United States of America, Plaintiff-appellee, v. George Royal Stout, Defendant-appellant, 8 F.3d 33 (9th Cir. 1993)Annotate this Case
Before: PREGERSON, BRUNETTI and RYMER, Circuit Judges.
George Royal Stout appeals his conviction by guilty plea and sentence imposed under the Sentencing Guidelines, for aiding and abetting and manufacturing methamphetamine in violation of 21 U.S.C. § 841(a) (1) and 18 U.S.C. § 2.
Stout pled guilty to Count One as charged in a Superseding Indictment. He claims that the Superseding Indictment was a "constructive amendment" and charged a conspiracy different from the conspiracy charged in the original indictment. By pleading guilty, Stout waived his right to challenge the indictment. See United States v. Cortez, 973 F.2d 764, 766-67 (9th Cir. 1992); United States v. Montilla, 870 F.2d 549, 552-53 (9th Cir. 1989), as amended, 907 F.2d 115 (9th Cir. 1990). The Superseding Indictment is not facially flawed, and the record at the time of the plea did not contain the evidence Stout now alleges. Resolution of Stout's claim would have required an evidentiary hearing. His decision to plead guilty foreclosed appeal of his claim. Montilla, 870 F.2d at 552. Stout also waived his right to a jury trial and his right to challenge any allegedly unconstitutional search or seizure when he pled guilty. United States v. Newman, 912 F.2d 1119, 1123 (9th Cir. 1990); see also Boykin v. Alabama, 395 U.S. 238, 243 (1969) (state court plea); United States v. Broce, 488 U.S. 563, 569 (1989).
Stout now argues that his plea was not voluntary because he was on medication at the time the plea was entered. However, nothing in the record indicates that Stout was on medication at that time or that his plea was anything but voluntary. When questioned by the court, he stated that he was not under a doctor's care or suffering from any illness affecting his ability to make decisions. His claim fails.
Stout also claims that his counsel was ineffective. Such claims may be raised on direct appeal when the record is sufficiently developed to permit the reviewing court to resolve the issue or when the assistance is so inadequate that it obviously interferes with a defendant's Sixth Amendment right to counsel. United States v. Daly, 974 F.2d 1215, 1218 (9th Cir. 1992). However, a habeas proceeding permits the defendant to develop a record of "what counsel did, why it was done, and what, if any, prejudice resulted." Id. (citations omitted). The record is not sufficiently developed for a review of the effectiveness of counsel's assistance to Stout.
The Government concedes that Stout's sentence should be vacated and remanded to the district court for resentencing. The district court did not comply strictly with the requirements of Rule 32. First, Stout claims that he was prejudiced by the court's failure to inquire as to whether he had received and reviewed the report, which contained errors. One of the grounds of his claim of ineffective assistance of counsel is that his attorney did not provide him with the presentence report. Rule 32(a) (1) (A) requires that the court determine whether or not the defendant and his counsel have had the opportunity to read and discuss the report. United States v. Sustaita, Nos. 91-10495, 91-10582, slip opinion (9th Cir. August 10, 1993). The record does not indicate that Stout had read the report. Moreover, Stout's counsel at sentencing did not object to the errors asserted on appeal. The court's compliance with Rule 32(a) (1) (C) does not cure the potential prejudice caused by failure to comply with Rule 32(a) (1) (A). As in Sustaita, if Stout had been given an opportunity to read or discuss the presentence report, he could have tried to contradict the report's factual finding that Stout played a managerial role under U.S.S.G. § 3B1.1, which was the basis of a four-level increase in base offense level.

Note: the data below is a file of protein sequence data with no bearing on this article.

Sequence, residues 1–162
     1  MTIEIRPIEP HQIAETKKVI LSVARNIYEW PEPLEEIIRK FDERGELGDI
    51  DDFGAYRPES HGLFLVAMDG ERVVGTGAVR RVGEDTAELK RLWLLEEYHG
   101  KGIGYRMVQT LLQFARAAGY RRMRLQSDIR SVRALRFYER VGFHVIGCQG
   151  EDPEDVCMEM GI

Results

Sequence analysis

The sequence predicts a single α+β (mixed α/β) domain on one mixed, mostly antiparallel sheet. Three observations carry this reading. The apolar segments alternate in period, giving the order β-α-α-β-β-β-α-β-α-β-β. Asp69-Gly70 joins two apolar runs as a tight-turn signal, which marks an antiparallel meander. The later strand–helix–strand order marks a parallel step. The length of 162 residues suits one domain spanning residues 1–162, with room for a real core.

Mistakes also exist in the calculation of Stout's base offense level and his criminal history category. In converting the methamphetamine to a cocaine equivalency, the Probation Officer used 37 kilograms of methamphetamine potential from ephedrine. In fact, the methamphetamine potential from ephedrine was 37 pounds, or 16.8 kilograms. When doubled under the Guidelines, the error resulted in an increase of two levels.
Stout's criminal history was overstated because the presentence report scored two of his prior state court convictions separately, pursuant to United States v. Gross, 897 F.2d 414 (9th Cir. 1990). Gross was subsequently overruled, and now all prosecutions combined for trial or sentencing count as a single conviction for purposes of calculating criminal history. United States v. Smith, 991 F.2d 1468, 1473 (9th Cir. 1993). As a result, Stout's criminal history would fall in Category III.
If Stout were to succeed in establishing that the Government had not proved by a preponderance of the evidence that Stout played a managerial role, see United States v. Howard, 894 F.2d 1085, 1089-90 (9th Cir. 1990), then, including the corrections in criminal history category and in quantity of methamphetamine, his sentencing range for offense level 34 could be 188-235 months. His original range was 360 months to life, and he received the statutory maximum of 240 months.
The conviction is AFFIRMED and the case is REMANDED for RESENTENCING.